* defending the employment rights of agricultural workers in the banana, coffee, tobacco, sugar cane and African palm industries;

* promoting the struggle for political, economic, social and climate justice focusing on land rights, agroecology, food sovereignty, and gender equality

Compesinxs are organised into co-operatives and associations, growing coffee, maize, beans, fruit, and vegetables using agro ecological methods. The focus is on building local, resilient and ecologically diverse food systems.

The ATC has two national movements: the Movement of Rural Women (MMC) and the National Youth Movement (MJC)), both of whom participate in national discussions relating to the quality of life for women and young people in the countryside.

The ATC operates five training centres for community leaders in employment rights, agro ecological farming, political and community organising, and food sovereignty.

In March 2018 the ATC set up a Latin America Agroecology Institute (IALA) in Nicaragua, one of eight IALAs in Latin America. The first cohort of 22 students aged 17 – 30 from Central American and Caribbean La Via Campesina organisations graduated in November, 2019.

The objective of IALA is to provide a holistic training - technical, political, ideological, spiritual - as the basis for promoting agroecology, achieving food sovereignty and transforming society.

'Agroecology is a revolution! …the most urgent task we face is the search for ways to protect the Earth. ’ Marlen Sanchez, director, Latin America Agroecology Institute, Nicaragua (IALA)

International solidarity and La Via Campesina

Internationally, the ATC is a founder member of La Via Campesina, an international social movement representing over 200 million peasants, small farmers, agricultural workers, and indigenous peoples.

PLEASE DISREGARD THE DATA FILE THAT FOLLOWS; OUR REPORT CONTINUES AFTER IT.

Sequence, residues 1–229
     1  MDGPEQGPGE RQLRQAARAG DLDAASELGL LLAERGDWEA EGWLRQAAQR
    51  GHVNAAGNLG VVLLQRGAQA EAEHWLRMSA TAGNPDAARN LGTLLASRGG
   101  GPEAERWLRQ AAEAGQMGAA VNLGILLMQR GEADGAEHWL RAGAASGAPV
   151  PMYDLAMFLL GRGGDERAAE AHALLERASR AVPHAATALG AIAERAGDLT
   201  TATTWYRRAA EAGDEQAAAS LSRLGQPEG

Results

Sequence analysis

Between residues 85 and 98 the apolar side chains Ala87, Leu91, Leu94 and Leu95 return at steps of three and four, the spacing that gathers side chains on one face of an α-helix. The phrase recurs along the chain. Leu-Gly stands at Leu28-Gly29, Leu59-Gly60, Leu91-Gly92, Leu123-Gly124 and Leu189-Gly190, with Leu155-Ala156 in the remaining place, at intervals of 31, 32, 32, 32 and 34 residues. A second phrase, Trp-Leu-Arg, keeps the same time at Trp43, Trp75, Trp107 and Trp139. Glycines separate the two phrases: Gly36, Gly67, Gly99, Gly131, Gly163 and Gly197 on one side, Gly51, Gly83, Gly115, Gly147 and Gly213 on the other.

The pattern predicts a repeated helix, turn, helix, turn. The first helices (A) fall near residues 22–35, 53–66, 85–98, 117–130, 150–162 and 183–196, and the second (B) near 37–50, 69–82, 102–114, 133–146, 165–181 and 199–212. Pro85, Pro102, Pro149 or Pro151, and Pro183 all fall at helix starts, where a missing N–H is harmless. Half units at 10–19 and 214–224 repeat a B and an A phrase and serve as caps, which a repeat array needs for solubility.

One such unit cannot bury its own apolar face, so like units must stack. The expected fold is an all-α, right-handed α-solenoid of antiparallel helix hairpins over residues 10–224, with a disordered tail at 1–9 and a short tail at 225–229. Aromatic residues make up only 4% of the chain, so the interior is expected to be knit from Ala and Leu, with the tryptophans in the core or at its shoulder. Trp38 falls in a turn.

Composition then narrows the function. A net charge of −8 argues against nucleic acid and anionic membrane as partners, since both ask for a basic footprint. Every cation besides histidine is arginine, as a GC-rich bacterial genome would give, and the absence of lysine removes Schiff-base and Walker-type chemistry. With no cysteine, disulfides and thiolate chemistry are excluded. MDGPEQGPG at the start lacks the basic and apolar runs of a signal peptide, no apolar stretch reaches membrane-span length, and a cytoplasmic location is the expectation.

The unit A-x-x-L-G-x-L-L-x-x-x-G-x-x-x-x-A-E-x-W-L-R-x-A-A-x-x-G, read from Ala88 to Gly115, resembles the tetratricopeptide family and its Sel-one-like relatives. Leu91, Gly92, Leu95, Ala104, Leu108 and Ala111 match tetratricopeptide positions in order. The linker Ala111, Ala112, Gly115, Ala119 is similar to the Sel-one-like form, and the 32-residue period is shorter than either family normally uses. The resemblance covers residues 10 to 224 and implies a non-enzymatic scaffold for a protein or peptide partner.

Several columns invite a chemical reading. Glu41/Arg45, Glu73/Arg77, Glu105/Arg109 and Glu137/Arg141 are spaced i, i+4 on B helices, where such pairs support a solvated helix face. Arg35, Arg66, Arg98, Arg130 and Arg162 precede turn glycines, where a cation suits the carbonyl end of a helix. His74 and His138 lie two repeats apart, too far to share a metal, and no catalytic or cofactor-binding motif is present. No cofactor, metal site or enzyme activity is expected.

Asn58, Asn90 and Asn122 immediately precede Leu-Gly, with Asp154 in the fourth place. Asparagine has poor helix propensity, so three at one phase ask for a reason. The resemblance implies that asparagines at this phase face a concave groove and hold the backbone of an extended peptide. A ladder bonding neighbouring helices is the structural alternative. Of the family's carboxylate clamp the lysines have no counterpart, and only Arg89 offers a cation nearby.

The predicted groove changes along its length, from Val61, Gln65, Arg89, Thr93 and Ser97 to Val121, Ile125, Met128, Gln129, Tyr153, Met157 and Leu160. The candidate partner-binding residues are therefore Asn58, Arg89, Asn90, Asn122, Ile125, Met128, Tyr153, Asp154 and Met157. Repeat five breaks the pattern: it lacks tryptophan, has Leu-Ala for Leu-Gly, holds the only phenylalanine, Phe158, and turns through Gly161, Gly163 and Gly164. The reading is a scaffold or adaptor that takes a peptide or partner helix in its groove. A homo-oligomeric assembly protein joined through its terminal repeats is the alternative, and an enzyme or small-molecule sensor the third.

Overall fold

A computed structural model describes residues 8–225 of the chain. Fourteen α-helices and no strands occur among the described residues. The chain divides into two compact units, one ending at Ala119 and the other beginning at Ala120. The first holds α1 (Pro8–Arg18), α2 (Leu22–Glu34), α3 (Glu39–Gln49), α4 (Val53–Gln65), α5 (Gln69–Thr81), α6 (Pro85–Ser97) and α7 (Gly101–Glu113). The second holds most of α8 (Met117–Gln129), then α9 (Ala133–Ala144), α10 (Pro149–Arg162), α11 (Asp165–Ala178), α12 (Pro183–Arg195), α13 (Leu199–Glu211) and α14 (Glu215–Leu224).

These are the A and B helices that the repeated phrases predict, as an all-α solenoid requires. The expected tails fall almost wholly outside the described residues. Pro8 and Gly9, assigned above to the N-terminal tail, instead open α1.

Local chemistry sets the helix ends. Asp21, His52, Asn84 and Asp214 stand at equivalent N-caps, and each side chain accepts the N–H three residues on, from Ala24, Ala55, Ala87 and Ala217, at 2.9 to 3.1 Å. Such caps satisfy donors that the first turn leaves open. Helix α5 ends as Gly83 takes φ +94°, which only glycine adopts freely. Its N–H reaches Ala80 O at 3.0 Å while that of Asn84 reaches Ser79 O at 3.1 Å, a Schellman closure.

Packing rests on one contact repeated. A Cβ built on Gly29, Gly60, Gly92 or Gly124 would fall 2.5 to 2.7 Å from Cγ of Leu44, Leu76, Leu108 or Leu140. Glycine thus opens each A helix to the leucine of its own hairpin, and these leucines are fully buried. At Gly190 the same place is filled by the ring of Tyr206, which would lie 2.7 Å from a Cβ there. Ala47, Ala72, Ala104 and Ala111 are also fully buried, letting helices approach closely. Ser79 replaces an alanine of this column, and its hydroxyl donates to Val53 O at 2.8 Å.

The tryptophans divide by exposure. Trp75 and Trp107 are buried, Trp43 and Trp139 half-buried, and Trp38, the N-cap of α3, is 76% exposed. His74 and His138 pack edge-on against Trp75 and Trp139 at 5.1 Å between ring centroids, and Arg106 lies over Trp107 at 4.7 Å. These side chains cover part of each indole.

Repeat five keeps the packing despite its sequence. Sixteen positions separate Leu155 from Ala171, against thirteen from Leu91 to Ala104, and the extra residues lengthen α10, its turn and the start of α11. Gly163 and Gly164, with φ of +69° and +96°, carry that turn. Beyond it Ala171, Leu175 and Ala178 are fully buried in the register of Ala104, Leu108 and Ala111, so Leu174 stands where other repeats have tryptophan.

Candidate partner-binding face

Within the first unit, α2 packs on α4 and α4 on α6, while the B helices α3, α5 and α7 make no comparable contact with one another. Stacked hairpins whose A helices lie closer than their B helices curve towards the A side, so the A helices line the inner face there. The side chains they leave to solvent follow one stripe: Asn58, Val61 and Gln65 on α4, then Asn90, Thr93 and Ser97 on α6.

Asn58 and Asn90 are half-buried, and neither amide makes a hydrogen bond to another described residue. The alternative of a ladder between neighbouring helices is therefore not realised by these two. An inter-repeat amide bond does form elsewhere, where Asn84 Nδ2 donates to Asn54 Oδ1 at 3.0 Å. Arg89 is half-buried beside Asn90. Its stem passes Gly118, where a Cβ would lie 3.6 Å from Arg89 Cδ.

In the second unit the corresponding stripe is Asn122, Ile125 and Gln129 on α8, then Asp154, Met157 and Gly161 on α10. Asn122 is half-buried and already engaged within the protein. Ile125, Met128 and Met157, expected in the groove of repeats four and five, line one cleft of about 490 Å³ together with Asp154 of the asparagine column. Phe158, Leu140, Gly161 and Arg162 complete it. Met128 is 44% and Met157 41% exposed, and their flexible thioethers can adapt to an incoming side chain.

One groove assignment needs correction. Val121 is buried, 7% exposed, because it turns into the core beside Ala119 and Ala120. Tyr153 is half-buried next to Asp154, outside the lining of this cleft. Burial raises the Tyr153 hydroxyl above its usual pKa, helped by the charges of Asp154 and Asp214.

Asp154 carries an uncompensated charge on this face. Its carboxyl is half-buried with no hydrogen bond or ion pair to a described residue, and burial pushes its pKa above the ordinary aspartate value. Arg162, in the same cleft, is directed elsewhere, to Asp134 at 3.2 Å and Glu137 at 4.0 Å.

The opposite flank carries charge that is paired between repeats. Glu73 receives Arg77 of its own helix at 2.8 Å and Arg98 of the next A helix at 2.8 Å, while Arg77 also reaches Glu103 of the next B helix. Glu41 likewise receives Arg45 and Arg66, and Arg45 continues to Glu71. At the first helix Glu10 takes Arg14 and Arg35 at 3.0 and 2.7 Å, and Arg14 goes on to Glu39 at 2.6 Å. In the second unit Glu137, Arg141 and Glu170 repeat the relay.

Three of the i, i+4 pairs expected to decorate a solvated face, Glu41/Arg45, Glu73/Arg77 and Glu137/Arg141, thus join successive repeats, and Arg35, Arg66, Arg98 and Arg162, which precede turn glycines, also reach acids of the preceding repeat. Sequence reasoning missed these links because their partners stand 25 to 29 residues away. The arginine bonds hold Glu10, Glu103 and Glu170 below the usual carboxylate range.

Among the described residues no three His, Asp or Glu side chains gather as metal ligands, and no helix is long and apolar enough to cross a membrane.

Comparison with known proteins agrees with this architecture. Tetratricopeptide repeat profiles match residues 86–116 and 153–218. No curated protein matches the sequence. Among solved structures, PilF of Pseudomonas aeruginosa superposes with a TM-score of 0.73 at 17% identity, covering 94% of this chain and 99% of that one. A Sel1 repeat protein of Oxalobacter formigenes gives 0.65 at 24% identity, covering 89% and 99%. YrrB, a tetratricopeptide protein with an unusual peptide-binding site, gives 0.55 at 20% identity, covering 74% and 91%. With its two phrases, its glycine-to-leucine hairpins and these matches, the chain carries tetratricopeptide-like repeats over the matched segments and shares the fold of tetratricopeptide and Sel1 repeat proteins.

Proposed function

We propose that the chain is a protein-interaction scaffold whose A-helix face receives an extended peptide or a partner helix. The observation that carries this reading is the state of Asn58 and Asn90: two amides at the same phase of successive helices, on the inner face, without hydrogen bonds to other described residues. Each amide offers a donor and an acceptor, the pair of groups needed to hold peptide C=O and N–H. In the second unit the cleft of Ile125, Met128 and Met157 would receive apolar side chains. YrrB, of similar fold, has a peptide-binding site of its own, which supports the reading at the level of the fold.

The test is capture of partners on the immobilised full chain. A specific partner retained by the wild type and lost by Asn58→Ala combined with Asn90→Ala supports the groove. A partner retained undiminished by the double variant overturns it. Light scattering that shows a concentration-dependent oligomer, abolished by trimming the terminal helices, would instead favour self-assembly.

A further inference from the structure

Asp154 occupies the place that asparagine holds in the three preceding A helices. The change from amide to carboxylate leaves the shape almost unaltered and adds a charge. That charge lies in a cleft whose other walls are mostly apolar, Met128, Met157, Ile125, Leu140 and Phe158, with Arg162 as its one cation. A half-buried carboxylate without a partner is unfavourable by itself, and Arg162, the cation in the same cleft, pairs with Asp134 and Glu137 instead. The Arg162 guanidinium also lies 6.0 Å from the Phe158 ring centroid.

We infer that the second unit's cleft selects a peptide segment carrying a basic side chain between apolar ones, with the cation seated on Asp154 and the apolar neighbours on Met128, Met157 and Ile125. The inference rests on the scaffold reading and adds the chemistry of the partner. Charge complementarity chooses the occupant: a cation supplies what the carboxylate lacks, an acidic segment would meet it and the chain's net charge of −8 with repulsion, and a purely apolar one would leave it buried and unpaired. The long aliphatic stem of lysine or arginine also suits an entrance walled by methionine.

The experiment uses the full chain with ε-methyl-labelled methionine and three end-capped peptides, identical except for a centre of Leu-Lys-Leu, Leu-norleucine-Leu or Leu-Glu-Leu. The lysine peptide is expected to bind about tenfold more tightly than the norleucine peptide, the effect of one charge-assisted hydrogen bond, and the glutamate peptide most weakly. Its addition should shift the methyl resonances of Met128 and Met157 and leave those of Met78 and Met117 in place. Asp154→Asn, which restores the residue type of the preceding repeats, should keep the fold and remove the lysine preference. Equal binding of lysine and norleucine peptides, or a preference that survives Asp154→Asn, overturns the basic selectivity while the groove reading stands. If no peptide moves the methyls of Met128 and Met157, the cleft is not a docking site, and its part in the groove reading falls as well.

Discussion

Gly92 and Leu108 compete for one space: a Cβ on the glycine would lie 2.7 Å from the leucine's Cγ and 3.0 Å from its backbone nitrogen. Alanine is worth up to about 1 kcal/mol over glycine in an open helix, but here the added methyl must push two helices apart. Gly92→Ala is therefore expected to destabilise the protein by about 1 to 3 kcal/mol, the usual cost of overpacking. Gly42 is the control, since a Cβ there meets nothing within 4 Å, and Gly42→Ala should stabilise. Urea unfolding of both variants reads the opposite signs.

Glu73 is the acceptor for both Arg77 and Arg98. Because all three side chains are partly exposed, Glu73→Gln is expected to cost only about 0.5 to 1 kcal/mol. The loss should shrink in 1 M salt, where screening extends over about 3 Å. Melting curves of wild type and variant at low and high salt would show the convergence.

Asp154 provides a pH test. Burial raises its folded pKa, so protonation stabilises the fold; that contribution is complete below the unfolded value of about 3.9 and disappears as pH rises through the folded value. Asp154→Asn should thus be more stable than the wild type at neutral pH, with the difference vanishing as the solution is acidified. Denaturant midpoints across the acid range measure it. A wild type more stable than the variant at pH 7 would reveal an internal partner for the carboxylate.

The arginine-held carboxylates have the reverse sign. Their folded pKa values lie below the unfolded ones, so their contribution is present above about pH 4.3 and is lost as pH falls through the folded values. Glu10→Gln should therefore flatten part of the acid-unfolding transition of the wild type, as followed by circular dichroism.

https://viacampesina.org/en/

Globalise Struggle, globalise hope!

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Food sovereignty is the right of peoples to healthy and culturally appropriate food produced through ecologically sound and sustainable methods, and their right to define their own food and agriculture systems.“ La Via Campesina Declaration, 2007

Climate Justice: ‘It is imperative to create harmony among the living beings of the planet and to cool Mother Earth. Food sovereignty links climate change and the collective rights of humanity, it guarantees the protection of the peasantry, and indigenous people and their role in food production.’ La Via Campesina, declaration of meeting of the International Collective on the environment and climate justice, Managua, 27 August, 2018

Agroecology is holistic in that it aims to ensure the wellbeing of people and the planet. As such it also encompasses social, economic, political, cultural and spiritual elements.

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Source of information including a video about the history of the ATC available on the website of Friends of the ATC https://friendsatc.org/history/